A society based on liberalism is characterized by the mutual collaboration of free and equal individuals working towards certain ends, with the most general end being the growth and flourishing of all of its constituent citizens. This is a feature of life more generally. Laws are created to preserve order and to ensure that this collaboration occurs justly, where liberty and equality are preserved for all. Why do we use the death penalty? This form of punishment is reserved for those who undermine the harmonious order, order that is instantiated to ensure the well-being of society, and is used for punishing the most heinous of crimes, most typically those committed by individuals who murder.

I argue that the death penalty is justifiable on moral and prudential grounds, that the authority established in the formation of the government, in which all citizens tacitly consent to, has ultimate power to exercise its interpretation of the law in order to justify punishments. Speaking broadly, this authority is derived not from its power to exercise rule, but because of the constitutional document which established it and the tacit consent of its citizens to exist under the rule of this document.

Continue reading “Justification for the Death Penalty”

Know Your Enemies: Insecurity and Threat

You can always spot those who are threatened by you because they will be the first to compete with you. Anyone who sees you as a threat is an enemy. The surest way to crush your enemies is to avoid competition. This does not make you weak; rather it makes you superior. Those who want to compete are attempting to bring you down to their level, to their preoccupations, and judge you according to their inferior criterion of worth. To preserve your prestige and remain impervious to your enemies, stage all competitions according to your rules and only your rules. By acquiescing to another standard of competition you compromise your integrity and forfeit the very values used to justify the individual greatness that they view threatening.

Your enemies suffer from insecurity; therefore they are threatened. Their lack of self-confidence is a lack of responsibility, a lack of faith in their ability to rise to the challenge or overcome or equate to external values. If they possessed faith in themselves, they would be secure. They would not be threatened by anyone or thing, nor would they compete in a test to measure their worth against another man.

Men of greatness compete with themselves and themselves alone, never compromising their self-generated criterion of worth. When someone extols their personal achievements, you can be sure that they struggle to possess an authentic sense of self. If the measures of greatness are self-generated and self-imposed, what need is there to publicly announce your achievement? The only hope for this announcement is an external affirmation of self.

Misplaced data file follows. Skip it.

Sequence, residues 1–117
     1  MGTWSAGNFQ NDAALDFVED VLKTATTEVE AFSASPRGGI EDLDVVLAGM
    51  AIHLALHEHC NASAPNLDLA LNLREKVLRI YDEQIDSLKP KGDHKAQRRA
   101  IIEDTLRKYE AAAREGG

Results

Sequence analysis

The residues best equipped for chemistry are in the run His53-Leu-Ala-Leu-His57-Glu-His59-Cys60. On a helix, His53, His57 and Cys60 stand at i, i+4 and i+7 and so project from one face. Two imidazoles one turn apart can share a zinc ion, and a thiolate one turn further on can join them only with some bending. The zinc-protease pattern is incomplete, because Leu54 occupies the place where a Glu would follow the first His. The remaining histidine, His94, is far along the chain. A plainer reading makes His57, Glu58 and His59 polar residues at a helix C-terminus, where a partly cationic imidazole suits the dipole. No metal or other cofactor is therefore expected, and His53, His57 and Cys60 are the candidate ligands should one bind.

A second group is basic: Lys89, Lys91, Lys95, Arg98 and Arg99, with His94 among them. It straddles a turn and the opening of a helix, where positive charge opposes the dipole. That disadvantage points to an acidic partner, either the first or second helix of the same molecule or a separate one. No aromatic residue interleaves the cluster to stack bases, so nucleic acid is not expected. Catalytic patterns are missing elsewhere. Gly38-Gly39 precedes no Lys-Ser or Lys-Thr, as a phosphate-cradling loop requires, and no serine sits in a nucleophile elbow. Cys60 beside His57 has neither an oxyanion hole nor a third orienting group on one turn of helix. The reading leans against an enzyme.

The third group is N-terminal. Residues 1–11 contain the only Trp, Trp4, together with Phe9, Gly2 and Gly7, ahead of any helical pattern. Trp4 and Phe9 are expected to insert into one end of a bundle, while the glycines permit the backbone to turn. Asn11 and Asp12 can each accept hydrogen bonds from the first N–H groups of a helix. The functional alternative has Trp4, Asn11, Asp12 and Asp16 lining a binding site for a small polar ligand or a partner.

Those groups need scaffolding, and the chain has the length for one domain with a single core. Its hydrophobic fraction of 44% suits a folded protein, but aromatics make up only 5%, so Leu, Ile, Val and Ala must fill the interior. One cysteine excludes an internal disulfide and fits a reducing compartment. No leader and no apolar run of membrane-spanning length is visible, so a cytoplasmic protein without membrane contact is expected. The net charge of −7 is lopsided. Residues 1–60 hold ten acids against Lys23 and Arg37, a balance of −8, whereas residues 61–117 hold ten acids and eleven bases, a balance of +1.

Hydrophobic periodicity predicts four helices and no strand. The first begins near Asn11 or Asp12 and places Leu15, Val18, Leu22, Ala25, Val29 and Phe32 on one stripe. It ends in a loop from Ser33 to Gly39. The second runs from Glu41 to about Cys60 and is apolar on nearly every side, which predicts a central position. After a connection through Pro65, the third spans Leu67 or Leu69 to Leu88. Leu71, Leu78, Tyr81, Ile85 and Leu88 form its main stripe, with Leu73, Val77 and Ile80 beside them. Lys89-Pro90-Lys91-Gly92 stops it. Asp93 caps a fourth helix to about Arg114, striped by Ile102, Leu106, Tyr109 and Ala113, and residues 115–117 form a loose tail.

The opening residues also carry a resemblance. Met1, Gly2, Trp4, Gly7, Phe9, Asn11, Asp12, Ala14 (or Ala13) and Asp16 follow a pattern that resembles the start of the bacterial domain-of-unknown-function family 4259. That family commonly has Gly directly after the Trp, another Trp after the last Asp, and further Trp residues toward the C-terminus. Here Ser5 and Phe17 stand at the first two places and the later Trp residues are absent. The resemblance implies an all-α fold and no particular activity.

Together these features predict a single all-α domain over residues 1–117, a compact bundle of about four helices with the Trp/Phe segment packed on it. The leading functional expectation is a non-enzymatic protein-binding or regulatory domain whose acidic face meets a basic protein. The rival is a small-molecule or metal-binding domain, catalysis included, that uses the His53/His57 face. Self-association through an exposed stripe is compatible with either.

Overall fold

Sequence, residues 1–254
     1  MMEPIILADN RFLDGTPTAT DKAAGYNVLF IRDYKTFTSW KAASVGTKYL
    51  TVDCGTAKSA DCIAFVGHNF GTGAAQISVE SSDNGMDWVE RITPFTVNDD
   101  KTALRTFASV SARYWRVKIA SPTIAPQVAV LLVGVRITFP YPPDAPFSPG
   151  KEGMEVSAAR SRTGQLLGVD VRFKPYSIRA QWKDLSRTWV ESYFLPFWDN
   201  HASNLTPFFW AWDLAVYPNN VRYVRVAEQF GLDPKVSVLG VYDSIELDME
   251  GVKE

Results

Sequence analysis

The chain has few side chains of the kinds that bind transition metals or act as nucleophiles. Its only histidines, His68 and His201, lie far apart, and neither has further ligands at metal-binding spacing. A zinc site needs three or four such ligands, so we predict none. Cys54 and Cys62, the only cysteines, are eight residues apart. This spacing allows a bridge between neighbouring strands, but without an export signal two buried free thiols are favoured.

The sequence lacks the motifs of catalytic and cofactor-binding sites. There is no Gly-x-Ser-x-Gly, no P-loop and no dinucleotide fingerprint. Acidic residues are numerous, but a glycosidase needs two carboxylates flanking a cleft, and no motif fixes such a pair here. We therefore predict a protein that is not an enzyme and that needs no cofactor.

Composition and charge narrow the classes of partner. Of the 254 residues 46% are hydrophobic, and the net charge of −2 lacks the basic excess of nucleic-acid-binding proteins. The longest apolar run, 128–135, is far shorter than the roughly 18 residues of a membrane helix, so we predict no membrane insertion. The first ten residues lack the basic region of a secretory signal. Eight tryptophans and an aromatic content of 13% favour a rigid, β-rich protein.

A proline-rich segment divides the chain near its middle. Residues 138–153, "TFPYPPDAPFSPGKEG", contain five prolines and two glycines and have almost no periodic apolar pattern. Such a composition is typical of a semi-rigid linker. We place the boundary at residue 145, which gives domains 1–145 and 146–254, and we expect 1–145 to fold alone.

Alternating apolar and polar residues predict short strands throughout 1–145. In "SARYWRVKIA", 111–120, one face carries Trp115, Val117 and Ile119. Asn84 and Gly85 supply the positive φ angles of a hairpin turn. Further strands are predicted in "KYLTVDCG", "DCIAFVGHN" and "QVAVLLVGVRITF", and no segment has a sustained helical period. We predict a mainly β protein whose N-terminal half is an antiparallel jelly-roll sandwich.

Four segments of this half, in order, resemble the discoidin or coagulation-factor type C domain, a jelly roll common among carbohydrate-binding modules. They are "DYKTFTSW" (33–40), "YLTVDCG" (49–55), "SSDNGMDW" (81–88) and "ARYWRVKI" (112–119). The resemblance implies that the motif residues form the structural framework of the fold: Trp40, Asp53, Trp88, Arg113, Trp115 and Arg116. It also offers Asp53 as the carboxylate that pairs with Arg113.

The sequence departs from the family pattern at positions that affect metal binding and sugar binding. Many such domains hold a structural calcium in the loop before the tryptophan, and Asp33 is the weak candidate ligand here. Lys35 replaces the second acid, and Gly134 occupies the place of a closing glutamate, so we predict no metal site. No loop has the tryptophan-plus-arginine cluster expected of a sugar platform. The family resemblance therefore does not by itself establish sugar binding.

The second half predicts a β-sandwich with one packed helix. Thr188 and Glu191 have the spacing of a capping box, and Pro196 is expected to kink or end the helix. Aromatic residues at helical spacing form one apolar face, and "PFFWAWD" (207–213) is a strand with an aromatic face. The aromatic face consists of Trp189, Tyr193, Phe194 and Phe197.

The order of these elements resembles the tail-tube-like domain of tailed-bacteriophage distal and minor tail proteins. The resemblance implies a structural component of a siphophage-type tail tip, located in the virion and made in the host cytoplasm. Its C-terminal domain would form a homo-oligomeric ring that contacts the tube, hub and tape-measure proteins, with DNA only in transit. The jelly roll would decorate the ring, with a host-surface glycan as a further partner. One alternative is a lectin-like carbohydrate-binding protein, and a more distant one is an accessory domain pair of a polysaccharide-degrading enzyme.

When you live authentically, self-worth is derived through a process of becoming. Each man lives according to his own ends, as each man possesses his own set of demands afforded to him by life. He becomes more of what he embodies, of what values presuppose his every thought and action. It is vital that these values bolster the purest and greatest sense of self, the highest self-esteem possible.

Competition is death. Domination is the elimination of competition through sheer superiority of values. Would any competent man compete with an invalid? This is how the superior man, the over-man, must think. His values place him above such competition, out of sheer pity or principle. In this way he is morally superior: any competition must occur out of charity alone. I maintain that charity is the gravest form of oppression as it leads to domestication and enablement. Charity is a false generosity that ensures conditional dependency and establishes a hierarchy between the self-sufficient and the self-deficient.

Do you want to maintain superiority? Never compromise your values through competition except when you dictate the rules of the game. Otherwise, let the success of your self-guided actions speak for themselves. Never compromise your integrity, your authenticity, by playing to the rules of another game. Other’s will pine for your competition, but you must never stoop to their level unless the guarantee of winning is indisputable and inevitable.

Recall: familiarity breeds contempt. If you wish to know your enemies, see how they behave when they are lead to believe that they know you. Present yourself plainly as if there is nothing more than meets the eye, nothing deeper below the surface, and see what reaction this elicits. If there is insecurity, your enemy will capitalize at first chance to highlight the superiority they believe to perceive. Do not let this sway you into competition or emotion. Your self-worth, your value, is internally generated, not externally imposed. Any insecurity they voice through comparison or judgement reveals a chink in their sad suit of defense. Capitalize on this error at a later time.